Ohio counties awarded $3.7M in federal grants to boost staffing
The hiring grants pay for 75% of the salaries and benefits for new hires for the first two years and 35% in the third year
By Denise G. Callahan
Journal-News, Hamilton, Ohio
WARREN COUNTY, Ohio — Multiple Butler and Warren county fire departments were awarded almost $3.7 million in federal grants to boost their staffing.
Liberty Twp. will receive the largest chunk, at $1.36 million in funding from Staffing for Adequate Fire and Emergency Response and Assistance to Firefighters (SAFER) grants to hire nine firefighters. Fairfield ($1.26 million for hiring), Franklin ($1 million for hiring) and Ross Twp. ($60,011 for operations and safety) also were awarded grants.
The hiring grants pay for 75 percent of the salaries and benefits for two years and 35 percent in the third year. Sen. Sherrod Brown, D-Ohio, made the announcement Tuesday.
“Ohio firefighters and first responders work every day to protect our families,” Brown said. “We must support our first-responder organizations so that communities in Southwest Ohio have the resources to shield families and homes from fire hazards.”
SAFER is a competitive national program through the Department of Homeland Security. It provides funds for hiring, recruiting and retaining front-line and volunteer firefighters to create an overall net increase in the number of trained, certified, and competent firefighting units capably responding to emergencies in their communities. Only 364 jurisdictions were selected to receive funding.
Homeland Security awarded 1,623 AFG grants for training, equipment upgrades and facility modifications.
Liberty Twp. Fire Chief Ethan Klussman said he was “ecstatic” when he learned the township won the grant because there are thousands of agencies vying for the funds. This was the first time the township competed for the funding.
“We’ve been working towards a plan which would add career Firefighter/EMT positions, and being awarded FEMA’s SAFER grant allows us to expedite our process,” Klussman said. “Adding nine full-time positions will allow us to provide the consistent personnel we need to run the department more efficiently and stretch our budget dollars further.”
Communities across the state and Butler County are struggling due to a lack of part-time firefighters/EMTs. Local chiefs say younger people are not as interested in the profession as in past years. Liberty Twp. Trustee Tom Farrell has said the township would prefer to have an entirely full-time department but that isn’t possible, although the SAFER grant gets them closer.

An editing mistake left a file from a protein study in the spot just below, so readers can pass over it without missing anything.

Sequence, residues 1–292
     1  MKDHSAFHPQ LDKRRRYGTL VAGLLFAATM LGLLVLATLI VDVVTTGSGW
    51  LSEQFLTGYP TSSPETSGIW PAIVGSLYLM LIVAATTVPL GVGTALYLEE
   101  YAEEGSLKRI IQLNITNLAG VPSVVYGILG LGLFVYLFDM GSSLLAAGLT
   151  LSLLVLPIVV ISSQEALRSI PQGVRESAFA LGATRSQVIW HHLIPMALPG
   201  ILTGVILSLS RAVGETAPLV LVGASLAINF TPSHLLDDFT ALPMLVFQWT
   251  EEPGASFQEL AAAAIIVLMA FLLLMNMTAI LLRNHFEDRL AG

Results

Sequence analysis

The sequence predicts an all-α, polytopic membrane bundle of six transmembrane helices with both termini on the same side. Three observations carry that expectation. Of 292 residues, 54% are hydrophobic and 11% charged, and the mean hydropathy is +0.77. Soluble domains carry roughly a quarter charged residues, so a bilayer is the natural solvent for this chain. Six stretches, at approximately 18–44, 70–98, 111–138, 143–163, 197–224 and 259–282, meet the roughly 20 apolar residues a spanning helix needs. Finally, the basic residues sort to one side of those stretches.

“Full-time firefighters have a higher cost but it isn’t just about the cost it’s also about longevity, it’s about keeping employees, having employees that are out there that know the township well because its their full time position,” he said.
“Part-timers cost us a lot more money than it looks on paper, because the part-timers don’t have that longevity, many of them don’t stay very long, so we’re constantly hiring, training.”
Liberty Twp. Trustee Board President Steve Schramm said full-time staff ends up working many overtime hours when part-timers are not available, which is even more expensive. The grant award should also allow the township to extend the life of its fire levy.
“Our budget, with that last levy we were pushing it out to 10 years without this grant,” he said. “So to me this did nothing but solidify our ability to extend our budget out with the present levy for at least ten years.”
Trustee Christine Matacic doesn’t think the five-year levy will stretch 10 years, even with the grant. She said six or seven years is more realistic to her, but the new money is certainly welcome.
“It is a tremendous help not only for the financial end but from the services end and the reliability of having the personnel on hand when we need them,” she said. “And as we grow.”
Fire chiefs in the other communities could not be reached for comment.
©2019 the Journal-News (Hamilton, Ohio)
McClatchy-Tribune News Service